Dry weather has prompted DEFRA to launch a new task force in a bid to tackle the drought.
The new group, code-named “Don’t be a Drip”, is charged with coming up with “out of the box” recommendations aimed at farmers.
As well as addressing long-term solutions such as water storage and movement, the task force will consider short-term agronomic and domestic solutions.
“So-called grey water (ie that from baths) could be collected from local residents and used for irrigation purposes,” said the leader of the group, Dr Martin Tapp.
He acknowledged the huge problems many farmers are facing and praised them for the steps they were already taking regarding water conservation such as their exemplary approach to car washing. “Basically, they never do it,” he said.
He called for farmers to “get creative” – especially those with irrigation facilities.
“Could you, for example, instigate communal staff showers under the irrigation boom? Doing this at night when less irrigated water would be lost to evaporation would add to the conservation effect and perhaps make staff less inhibited about participating.”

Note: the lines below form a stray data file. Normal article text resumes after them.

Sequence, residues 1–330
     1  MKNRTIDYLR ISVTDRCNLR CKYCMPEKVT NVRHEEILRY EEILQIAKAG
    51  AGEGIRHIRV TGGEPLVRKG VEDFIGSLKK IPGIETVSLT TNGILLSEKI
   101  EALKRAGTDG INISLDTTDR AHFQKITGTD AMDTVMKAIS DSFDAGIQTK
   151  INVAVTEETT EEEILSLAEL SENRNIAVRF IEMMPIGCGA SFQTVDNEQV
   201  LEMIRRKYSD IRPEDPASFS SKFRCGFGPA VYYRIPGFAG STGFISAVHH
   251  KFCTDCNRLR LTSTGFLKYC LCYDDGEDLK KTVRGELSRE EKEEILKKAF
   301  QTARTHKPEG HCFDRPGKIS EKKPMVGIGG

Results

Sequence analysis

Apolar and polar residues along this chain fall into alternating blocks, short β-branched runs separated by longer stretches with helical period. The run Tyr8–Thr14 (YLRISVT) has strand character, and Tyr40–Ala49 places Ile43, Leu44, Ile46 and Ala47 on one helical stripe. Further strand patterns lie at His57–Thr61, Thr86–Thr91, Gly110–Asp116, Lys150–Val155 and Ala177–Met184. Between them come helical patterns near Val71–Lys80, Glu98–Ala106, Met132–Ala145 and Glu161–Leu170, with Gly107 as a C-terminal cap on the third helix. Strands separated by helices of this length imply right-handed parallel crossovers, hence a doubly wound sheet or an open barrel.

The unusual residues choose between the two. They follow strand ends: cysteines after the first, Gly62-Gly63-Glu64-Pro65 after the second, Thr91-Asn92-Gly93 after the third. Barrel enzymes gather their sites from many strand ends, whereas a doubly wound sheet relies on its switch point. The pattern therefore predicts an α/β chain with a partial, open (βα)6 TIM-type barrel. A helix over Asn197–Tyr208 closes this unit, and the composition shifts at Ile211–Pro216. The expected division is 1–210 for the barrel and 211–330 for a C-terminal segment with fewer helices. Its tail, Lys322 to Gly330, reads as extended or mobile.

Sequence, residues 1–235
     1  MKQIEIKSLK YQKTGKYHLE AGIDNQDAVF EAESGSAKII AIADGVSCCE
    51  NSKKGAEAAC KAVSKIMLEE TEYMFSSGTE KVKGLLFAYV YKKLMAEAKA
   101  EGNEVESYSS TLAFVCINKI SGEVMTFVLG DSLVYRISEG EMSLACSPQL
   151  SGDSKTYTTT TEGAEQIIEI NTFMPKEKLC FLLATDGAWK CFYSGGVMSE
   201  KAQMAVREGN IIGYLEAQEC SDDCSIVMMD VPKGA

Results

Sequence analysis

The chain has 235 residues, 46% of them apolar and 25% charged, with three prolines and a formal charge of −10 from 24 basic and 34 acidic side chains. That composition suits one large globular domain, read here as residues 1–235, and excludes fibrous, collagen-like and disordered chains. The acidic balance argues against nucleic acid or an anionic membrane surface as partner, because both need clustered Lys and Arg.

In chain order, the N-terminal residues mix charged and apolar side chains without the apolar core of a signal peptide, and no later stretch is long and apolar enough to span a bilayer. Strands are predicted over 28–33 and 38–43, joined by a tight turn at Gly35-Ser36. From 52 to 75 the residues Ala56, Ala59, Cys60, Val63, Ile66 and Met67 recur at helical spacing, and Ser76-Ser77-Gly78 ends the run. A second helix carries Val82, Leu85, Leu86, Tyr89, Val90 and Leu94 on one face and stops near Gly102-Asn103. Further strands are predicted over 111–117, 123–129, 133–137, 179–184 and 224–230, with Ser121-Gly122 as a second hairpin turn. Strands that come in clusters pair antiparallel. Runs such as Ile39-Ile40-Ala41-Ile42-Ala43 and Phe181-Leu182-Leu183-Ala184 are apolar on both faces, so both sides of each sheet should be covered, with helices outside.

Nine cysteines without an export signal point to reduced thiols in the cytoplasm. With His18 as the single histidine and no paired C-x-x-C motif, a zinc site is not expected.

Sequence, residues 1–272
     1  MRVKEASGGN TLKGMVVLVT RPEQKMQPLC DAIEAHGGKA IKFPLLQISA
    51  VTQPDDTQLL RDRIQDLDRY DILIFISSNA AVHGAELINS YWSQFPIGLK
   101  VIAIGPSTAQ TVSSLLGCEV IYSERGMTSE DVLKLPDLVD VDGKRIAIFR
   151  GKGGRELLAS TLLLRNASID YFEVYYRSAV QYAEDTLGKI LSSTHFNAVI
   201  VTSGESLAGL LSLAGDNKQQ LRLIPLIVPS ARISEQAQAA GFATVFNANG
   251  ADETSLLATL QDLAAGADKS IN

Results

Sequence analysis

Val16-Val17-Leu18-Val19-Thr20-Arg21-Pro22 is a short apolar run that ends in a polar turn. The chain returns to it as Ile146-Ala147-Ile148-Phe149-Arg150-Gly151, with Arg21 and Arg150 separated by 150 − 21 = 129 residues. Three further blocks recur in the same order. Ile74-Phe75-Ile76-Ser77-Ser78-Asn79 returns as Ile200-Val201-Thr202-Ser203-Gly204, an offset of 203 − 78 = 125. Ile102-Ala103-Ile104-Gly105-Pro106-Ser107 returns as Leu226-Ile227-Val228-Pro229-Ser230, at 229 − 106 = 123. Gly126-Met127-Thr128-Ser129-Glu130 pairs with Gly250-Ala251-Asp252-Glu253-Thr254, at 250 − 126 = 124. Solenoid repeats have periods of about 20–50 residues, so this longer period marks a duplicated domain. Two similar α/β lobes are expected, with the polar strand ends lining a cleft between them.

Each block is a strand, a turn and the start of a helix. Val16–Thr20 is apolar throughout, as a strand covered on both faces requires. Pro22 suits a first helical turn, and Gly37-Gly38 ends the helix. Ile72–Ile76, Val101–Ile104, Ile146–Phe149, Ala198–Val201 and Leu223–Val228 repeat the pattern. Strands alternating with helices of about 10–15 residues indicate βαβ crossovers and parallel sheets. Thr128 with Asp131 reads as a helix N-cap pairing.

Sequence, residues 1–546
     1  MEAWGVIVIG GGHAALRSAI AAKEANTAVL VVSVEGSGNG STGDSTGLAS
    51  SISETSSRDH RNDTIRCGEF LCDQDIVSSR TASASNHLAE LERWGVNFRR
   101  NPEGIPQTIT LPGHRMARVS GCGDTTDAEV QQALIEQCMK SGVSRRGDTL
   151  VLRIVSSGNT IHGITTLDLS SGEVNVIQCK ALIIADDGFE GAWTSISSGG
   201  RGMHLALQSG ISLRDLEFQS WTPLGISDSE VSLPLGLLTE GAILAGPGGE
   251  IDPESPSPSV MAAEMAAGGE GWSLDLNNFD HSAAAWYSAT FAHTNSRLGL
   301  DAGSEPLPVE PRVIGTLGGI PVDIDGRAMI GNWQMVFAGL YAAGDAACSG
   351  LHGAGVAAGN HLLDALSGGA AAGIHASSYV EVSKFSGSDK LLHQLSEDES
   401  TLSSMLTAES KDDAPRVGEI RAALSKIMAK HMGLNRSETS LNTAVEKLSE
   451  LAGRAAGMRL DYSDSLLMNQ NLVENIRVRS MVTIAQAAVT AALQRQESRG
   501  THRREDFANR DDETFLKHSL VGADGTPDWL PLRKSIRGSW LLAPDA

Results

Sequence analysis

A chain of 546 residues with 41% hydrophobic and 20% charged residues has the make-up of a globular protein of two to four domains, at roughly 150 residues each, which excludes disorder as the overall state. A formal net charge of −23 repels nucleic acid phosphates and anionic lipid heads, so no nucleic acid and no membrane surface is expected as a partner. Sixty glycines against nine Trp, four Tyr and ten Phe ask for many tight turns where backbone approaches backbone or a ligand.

Toilet flushing is also an area to consider. “Don’t flush if you don’t have to – or only flush every fifth use,” urged Dr Tapp.
“And when it comes to spending a penny outside, don’t just urinate in the hedge. Target dry patches of soil and drought-stressed crops.”
Baths are one of the biggest uses of water so the group is planning to issue a guidance document about this. Farmers Weekly has learnt one of its suggestions is that farmers share baths.
“It would obviously be more appropriate for relatives or friends, but I could see farmers who don’t know each other well embracing this initiative,” said Mr Tapp. “Admittedly, they’d probably be from same sector. I couldn’t, for example, see an arable farmer bathing with a cattleman, or a sugar beet producer splashing around with a shepherd.”
The guidance notes will give advice on dealing with areas of potential conflict such as who gets the tap end, reaching agreement on the water temperature and “avoiding awkward moments when entering or exiting the bath”.
Don’t be a Drip’s inaugural meeting took place earlier today, April 1. “We will be decisive and take action,” vowed Mr Tapp. “The last thing we want to be is ‘wet’. Well, we want it to be wet – but you know what I mean.”
Mr Tapp was also involved in a groundbreaking scheme last year, also announced on April 1, to get farmers to connect more with the urban public by owning fewer traditional dog breeds like labradors and spaniels and replacing them with more “street” breeds such as poodles and boxers.